How ironic is it that striving to be healthy by sticking to a diet is actually bad for you? It's not yet included in the American Psychiatric Association's Diagnostic and Statistical Manual of Mental Disorders, but many are already struggling with symptoms associated with orthorexia nervosa.

Dubbed an unhealthy obsession with healthy eating, orthorexia nervosa literally translates as "fixation on righteous eating." It generally starts out as a simple effort to eat more healthily.

Soon an individual may develop a fixation on the quality of food and become consumed with how much and what they are eating as well as what must be done when they slip. What started out as an innocent creed to eat right and rise above dietary temptations becomes a mental disorder that pushes an individual to engage in extremely restrictive food choices.

Whether calories or variety is limited, one's health inevitably suffers, a great irony given eating right is often done in the name of improving health. Eventually, this obsession with eating healthily bumps out other interests and activities, impairing relationships.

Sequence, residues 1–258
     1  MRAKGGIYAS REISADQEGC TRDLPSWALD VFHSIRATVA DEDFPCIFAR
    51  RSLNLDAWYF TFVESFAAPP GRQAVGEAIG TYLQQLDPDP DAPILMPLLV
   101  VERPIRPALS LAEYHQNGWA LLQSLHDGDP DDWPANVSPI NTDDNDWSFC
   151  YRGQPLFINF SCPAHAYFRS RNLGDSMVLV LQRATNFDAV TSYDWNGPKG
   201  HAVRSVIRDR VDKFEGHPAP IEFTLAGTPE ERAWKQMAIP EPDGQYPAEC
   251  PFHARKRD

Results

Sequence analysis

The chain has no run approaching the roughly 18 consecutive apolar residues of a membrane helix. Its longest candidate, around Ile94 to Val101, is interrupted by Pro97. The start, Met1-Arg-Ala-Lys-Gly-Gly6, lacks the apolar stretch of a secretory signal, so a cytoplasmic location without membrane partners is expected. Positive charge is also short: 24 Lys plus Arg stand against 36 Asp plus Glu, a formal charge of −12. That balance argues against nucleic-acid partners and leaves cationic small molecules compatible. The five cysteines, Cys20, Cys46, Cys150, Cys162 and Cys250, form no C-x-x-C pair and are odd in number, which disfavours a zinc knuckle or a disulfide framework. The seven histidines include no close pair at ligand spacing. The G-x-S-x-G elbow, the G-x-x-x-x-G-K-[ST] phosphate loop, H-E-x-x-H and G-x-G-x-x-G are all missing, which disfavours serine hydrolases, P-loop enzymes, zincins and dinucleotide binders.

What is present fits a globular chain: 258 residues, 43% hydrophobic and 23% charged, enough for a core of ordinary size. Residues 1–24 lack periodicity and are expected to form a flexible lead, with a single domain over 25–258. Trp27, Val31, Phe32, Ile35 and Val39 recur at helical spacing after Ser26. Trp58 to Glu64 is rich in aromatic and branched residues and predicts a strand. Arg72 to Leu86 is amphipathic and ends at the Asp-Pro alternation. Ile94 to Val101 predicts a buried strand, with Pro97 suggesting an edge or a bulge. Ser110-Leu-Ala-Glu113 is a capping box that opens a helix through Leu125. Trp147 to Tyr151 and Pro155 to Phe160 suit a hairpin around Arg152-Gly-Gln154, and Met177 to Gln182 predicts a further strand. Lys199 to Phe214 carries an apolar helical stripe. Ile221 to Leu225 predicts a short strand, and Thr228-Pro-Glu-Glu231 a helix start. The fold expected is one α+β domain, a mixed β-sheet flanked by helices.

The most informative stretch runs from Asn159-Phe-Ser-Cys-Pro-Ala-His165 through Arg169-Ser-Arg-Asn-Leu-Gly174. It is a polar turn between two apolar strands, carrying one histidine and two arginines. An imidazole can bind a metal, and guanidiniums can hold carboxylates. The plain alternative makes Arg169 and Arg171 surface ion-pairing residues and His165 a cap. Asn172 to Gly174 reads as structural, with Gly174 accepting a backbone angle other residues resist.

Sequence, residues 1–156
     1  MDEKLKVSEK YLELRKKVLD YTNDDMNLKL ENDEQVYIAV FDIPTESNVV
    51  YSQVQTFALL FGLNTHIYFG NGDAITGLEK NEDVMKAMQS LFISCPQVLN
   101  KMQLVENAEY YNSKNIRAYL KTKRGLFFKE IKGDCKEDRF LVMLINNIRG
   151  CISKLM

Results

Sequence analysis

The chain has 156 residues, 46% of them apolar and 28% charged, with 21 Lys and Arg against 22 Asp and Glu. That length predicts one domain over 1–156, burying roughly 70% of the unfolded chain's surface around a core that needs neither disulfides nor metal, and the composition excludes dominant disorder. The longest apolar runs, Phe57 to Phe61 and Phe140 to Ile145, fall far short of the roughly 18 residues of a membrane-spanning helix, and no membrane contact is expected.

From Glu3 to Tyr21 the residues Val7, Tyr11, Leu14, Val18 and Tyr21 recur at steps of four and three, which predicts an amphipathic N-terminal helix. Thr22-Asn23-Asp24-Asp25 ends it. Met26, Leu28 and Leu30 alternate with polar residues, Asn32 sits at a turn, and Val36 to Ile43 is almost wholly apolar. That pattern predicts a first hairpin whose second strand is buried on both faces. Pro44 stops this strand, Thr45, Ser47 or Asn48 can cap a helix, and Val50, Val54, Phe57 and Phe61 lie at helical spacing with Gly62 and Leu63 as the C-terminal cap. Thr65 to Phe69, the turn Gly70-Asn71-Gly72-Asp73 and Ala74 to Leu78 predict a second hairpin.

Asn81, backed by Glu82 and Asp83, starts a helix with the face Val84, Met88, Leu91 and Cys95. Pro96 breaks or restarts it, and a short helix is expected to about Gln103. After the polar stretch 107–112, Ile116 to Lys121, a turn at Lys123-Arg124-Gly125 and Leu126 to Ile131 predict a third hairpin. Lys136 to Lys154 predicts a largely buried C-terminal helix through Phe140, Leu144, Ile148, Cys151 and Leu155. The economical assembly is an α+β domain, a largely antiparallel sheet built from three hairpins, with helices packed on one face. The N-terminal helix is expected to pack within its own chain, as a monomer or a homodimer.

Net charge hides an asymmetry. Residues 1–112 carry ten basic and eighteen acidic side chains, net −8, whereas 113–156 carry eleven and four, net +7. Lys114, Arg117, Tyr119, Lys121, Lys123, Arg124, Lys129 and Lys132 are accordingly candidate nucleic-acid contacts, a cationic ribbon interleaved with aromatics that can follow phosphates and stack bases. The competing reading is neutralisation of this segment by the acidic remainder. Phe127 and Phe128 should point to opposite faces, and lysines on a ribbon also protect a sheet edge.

Steven Bratman, M.D., is listed as having coined the term "orthorexia." He used the term to describe his personal experience with food and eating. While not officially recognized as an eating disorder, orthorexia nervosa is highly similar to others listed in the DSM-V. In the same way that those with bulimia or anorexia nervosa obsess about their weight and calories, those with orthorexia nervosa are obsessed with healthy eating.

How does one develop orthorexia?

Having an intense focus on eating healthily does not necessarily mean that a person has orthorexia nervosa. To be considered as having an eating disorder, a person's eating-related actions must be so extreme that it interferes with life and relationships. Those who do become orthorexics are overcome by motivations outside of simply eating healthily, such as food safety, compulsion to control, turning to food for spirituality and using food as a means of creating an identity.

To help gauge if you or a loved one has orthorexia nervosa, consider the following:

  • Do you wish on occasion to just eat and not worry about the quality of food?
  • Do you wish to spend more time living and less on food?
  • Does it not seem possible to eat a meal prepared by others and not control what is being served?
  • Do you constantly look for ways food may be unhealthy?
  • Does everything else take a back seat to eating the perfect meal?
  • Do you feel guilty about failing to stick to your diet?
  • Do you feel like you're in control if you stick to your diet?
  • Do you put yourself above others who don't follow the same diet as you do?

The more yeses you got, the higher the likelihood that orthorexia nervosa is in the picture.

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